It’s really interesting. I think about it in the sense of the way my mom has mothered me, and now, even though I don’t have my baby in my hand, thinking about motherhood. I was really sad on Valentine’s Day, but then my baby started kicking, and I realized that I am not alone. My mom always calls me to check in, and I think she does it because she knows she always has a friend and always has someone. For me it’s this idea of creating someone and knowing that you don’t have to be alone anymore, and I think that is really special. Randomly I was parking my car in a valet the other day and this guy said, “Have you checked out this bar?,” and I was like, “I can’t drink right now, I’m pregnant.” And then he started talking about when his mom gave birth, and that she said it was like having her best friend. Then he told me, “I feel like your baby is going to think that too, cause you just seem so kind.” It was just this beautiful moment, and idea of always having a friend hopefully. That’s what I hope to find as a mom.
Q: Do you have any fears around bringing this baby into the world?
It’s weird because I don’t want to say they are necessarily fears, but the “fears” that I think about manifest in logistical day to day things. Everyone says the lack of sleep is going to be crazy or breastfeeding is wild. I just want to know if it’s all true, and if it’s going to be my experience. Am I really going to be so sleep deprived I don’t remember my name? And then there’s these little things like how I have a dog. What if my baby is sleeping and I need to walk my dog, and I just started crying not knowing what the answer to that is. It is kind of this idea of can I do this?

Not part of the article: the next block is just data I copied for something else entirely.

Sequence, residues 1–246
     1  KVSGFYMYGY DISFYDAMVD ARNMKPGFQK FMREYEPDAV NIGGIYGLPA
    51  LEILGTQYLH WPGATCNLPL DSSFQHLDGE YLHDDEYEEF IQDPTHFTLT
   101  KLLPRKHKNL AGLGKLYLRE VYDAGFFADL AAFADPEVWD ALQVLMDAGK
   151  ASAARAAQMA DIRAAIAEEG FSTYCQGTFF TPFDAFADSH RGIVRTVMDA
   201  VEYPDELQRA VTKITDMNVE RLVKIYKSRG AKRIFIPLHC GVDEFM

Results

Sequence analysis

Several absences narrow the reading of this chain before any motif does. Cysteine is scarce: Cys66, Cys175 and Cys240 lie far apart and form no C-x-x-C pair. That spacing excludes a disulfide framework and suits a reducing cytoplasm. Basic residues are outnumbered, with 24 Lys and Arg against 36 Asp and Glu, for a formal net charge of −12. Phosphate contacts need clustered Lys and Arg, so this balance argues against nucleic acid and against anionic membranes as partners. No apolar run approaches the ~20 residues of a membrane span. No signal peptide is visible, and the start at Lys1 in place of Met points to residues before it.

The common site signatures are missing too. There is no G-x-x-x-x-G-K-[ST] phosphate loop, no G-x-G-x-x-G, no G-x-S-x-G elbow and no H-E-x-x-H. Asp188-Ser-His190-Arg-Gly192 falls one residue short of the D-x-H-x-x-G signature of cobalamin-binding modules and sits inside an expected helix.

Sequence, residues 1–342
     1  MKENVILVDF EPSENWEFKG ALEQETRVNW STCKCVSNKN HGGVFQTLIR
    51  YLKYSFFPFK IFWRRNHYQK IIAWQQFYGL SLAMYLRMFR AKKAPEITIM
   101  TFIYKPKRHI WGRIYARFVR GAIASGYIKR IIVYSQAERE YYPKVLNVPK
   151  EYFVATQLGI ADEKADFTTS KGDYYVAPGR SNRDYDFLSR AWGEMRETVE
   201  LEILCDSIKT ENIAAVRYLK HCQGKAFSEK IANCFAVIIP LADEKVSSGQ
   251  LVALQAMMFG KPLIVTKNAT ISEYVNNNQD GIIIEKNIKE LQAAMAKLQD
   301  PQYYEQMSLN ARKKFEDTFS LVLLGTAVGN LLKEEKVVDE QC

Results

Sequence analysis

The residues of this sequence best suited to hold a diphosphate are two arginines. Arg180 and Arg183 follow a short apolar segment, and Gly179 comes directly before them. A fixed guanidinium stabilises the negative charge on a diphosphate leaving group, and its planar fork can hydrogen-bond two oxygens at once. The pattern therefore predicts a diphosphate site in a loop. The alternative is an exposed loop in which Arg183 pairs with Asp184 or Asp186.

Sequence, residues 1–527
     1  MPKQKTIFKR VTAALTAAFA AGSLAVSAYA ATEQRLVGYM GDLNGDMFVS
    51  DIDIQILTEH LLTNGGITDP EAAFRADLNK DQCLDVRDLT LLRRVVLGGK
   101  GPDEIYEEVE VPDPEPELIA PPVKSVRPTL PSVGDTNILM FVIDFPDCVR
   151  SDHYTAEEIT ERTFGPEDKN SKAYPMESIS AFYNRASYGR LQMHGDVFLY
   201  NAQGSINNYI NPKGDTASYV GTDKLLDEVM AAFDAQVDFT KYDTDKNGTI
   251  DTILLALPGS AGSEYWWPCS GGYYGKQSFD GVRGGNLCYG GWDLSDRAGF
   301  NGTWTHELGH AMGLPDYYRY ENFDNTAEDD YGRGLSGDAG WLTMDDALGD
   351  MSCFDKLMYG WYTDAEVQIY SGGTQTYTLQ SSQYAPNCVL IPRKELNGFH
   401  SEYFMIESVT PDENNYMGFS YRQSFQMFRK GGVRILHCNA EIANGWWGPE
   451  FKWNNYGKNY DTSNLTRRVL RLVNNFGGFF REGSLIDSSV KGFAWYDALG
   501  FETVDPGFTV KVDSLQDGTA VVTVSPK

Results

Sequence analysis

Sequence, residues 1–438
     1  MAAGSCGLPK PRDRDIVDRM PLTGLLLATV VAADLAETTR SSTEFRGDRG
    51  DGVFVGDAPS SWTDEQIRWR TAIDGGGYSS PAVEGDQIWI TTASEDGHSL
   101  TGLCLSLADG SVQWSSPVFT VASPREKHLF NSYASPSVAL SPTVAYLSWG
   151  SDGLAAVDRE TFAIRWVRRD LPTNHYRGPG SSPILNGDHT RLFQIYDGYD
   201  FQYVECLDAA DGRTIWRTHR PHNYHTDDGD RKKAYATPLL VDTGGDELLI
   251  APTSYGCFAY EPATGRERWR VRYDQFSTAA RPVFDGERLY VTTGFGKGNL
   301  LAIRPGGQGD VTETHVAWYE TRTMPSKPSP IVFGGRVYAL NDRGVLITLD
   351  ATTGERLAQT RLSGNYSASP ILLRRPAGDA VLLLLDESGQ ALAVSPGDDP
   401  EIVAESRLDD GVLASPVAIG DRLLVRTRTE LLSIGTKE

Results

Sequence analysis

It’s hard too because people are quite judgmental. If I had a dollar for every time in one day people say, “you’re going to breastfeed right?” Those questions really bother me because yes I will breastfeed, and yes I want that connection with my baby, but also, why are you asking me things about my body? I don’t like this idea of my body being a space of question and judgment for everyone, and how I choose to respond to that then impacts how they see me as a mom.
Q: Is there any advice that you’re looking to receive from a community of moms or that you have learned from your experience?
I am curious how moms re-center their friendships or create new ones around this space or this new journey, because what I’m finding is that I am the first of my friendship group who is having a baby. I am curious how people have managed to keep their friends, how to treat them with loving boundaries, and also how my friends can be there for me? I just want to find people with similar journey’s –– which is the first thing people told me to do. Find mom groups. I also want to know how mom’s figure out how to be completely loving to their kids and there for them and be present, without compromising who they are as women and what they want to be like. What kind of work does that take? Yes I am a mother, but I am also other things.
All photography done by Daniela Buvat, check her out here!
We are going to continue posting more of these authentic stories, so like, comment, and share to your friends! If you know someone that you think would be a good fit for these interviews, please reach out to us at email@example.com so we can tell their story and keep creating a #MomToMomMovement.
all the babies.